For quite a while, I have harped on Intel's (NASDAQ: INTC) apparent struggles in chip-manufacturing technology. The company was once the unequivocal leader in the technology used to build logic chips, like computer and data center processors. Over the last five years, however, its position has eroded substantially.
Not only does Intel no longer have a leadership position in chip manufacturing -- which negatively impacts the company's competitive positioning -- but it's starting to look increasingly like Intel has fallen behind key competitors like Taiwan Semiconductor Manufacturing Company (NYSE: TSM) and Samsung (NASDAQOTH: SSNLF).
Image source: Intel.
TSMC has stated quite plainly that it intends to start mass-producing chips using its 7-nanometer technology in June 2018, just in time for the next big iPhone launch. Samsung looks ready to produce chips using its own 7-nanometer technology by the end of 2018, for its Galaxy S10 devices.
Intel's upcoming 10-nanometer technology, which is supposed to be comparable to its competitors' 7-nanometer technologies, is expected to see production ramp up during the second half of 2018. When that production will translate into products consumers can buy is a different question.
While TSMC and Samsung tend to be open about their production timelines, Intel continues to be uncharacteristically vague about its plans for 10-nanometer production and beyond. I think it's time for Intel to break the silence, give investors some insights into what's going on with its 10-nanometer technology, and even update investors on how the development of its follow-on 7-nanometer technology is progressing.
Here are three manufacturing-related questions that I'd like to hear Intel answer on the upcoming earnings call, scheduled for April 26.
1. 10-nanometer health
The first thing I'd like to hear from Intel executives is an update on the health of the company's 10-nanometer manufacturing technology. Are the chips manufactured with the technology hitting targets for performance and power consumption? Are the yield rates (the percentage of manufactured chips that are salable) close to the levels required for mass production?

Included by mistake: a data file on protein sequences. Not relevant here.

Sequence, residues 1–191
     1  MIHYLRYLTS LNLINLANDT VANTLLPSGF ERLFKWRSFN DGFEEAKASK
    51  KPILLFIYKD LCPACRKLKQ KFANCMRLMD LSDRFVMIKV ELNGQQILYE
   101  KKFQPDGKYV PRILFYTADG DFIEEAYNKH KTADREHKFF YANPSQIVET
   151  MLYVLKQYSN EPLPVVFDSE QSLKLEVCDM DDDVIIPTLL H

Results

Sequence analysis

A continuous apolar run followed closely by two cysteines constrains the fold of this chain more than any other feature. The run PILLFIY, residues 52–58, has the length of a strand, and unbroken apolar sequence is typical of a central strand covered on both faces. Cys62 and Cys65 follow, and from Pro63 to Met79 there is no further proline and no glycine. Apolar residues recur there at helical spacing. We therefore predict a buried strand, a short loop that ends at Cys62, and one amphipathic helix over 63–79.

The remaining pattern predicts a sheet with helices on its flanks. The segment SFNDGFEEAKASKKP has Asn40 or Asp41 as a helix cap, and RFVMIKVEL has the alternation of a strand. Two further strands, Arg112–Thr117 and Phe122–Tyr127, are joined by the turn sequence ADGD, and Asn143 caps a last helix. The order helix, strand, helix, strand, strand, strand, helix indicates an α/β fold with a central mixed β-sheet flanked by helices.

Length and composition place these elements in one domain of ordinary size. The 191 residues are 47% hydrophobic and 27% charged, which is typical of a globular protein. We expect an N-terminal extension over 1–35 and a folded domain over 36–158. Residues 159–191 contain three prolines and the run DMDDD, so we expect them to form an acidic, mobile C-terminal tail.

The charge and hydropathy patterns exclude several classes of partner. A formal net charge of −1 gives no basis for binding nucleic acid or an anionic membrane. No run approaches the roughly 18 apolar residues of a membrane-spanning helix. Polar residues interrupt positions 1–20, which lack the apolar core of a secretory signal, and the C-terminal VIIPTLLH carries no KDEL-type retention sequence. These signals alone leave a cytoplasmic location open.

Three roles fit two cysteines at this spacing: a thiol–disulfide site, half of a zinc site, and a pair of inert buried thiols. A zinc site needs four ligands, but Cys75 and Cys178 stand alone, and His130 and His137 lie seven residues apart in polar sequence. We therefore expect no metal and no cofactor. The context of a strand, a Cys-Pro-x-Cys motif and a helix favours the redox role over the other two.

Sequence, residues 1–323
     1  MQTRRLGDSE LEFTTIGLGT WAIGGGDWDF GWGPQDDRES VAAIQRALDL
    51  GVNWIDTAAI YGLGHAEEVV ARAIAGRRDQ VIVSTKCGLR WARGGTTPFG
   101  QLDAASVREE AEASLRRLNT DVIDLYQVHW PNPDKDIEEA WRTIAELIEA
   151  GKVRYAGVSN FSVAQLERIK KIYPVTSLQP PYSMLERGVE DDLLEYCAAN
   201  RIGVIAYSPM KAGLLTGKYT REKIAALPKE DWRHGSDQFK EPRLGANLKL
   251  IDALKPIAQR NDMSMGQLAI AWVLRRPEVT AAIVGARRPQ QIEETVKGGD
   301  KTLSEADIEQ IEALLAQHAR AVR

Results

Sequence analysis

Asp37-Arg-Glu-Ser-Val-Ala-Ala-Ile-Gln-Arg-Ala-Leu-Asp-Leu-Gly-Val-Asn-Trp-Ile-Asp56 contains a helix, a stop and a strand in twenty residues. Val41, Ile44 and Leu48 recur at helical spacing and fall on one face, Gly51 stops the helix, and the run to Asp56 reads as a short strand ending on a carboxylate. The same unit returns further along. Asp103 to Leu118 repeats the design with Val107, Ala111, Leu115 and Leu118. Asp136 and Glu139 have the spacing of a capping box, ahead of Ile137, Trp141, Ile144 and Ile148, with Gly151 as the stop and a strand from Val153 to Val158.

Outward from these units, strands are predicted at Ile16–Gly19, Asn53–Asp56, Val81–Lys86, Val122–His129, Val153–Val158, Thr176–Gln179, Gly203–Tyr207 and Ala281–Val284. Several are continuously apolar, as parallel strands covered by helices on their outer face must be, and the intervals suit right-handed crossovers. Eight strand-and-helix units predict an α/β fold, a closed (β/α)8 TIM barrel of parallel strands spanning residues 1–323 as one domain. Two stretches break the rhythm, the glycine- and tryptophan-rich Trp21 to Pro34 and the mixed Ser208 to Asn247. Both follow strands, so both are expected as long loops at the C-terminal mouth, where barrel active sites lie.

On Intel's last earnings conference call, CFO Bob Swan indicated that the company's yields on 10-nanometer parts would be "way up the cost curve" during the second half of 2018, negatively impacting its gross profit margin. Any further details here would be appreciated.
2. 7-nanometer plans
Intel has yet to get 10-nanometer out the door, but if the company hopes to remain competitive with TSMC and Samsung -- both of which have outlined aggressive plans to migrate quickly to 5-nanometer technologies -- it'll need to get its 7-nanometer technology into shape for mass production in the 2020 time frame.
I'd like to hear from Intel management how the development of 7-nanometer is progressing. Has the company learned from the mistakes plaguing it during the development of both 14-nanometer and 10-nanometer? Why should investors be confident that things will really be different during the 7-nanometer generation, after things were bad with 14-nanometer and have gotten even worse with 10-nanometer?
3. Competitive positioning
I would also be very interested in hearing Intel's assessment of the competitive landscape with respect to chip manufacturing technology. Last year, the company was quite confident that it had, and would sustain, a leadership position here. But there's ample evidence to suggest that, at least on some important metrics, Intel has fallen behind.
Although Intel will, of course, always try to put itself in the best possible light in any competitive comparisons (which is why relying on the company's word isn't enough), it's still important to get a sense of how it views the world. Then investors can go on to determine if the company has a realistic view of the competitive landscape, or if its top executives are simply fooling themselves.
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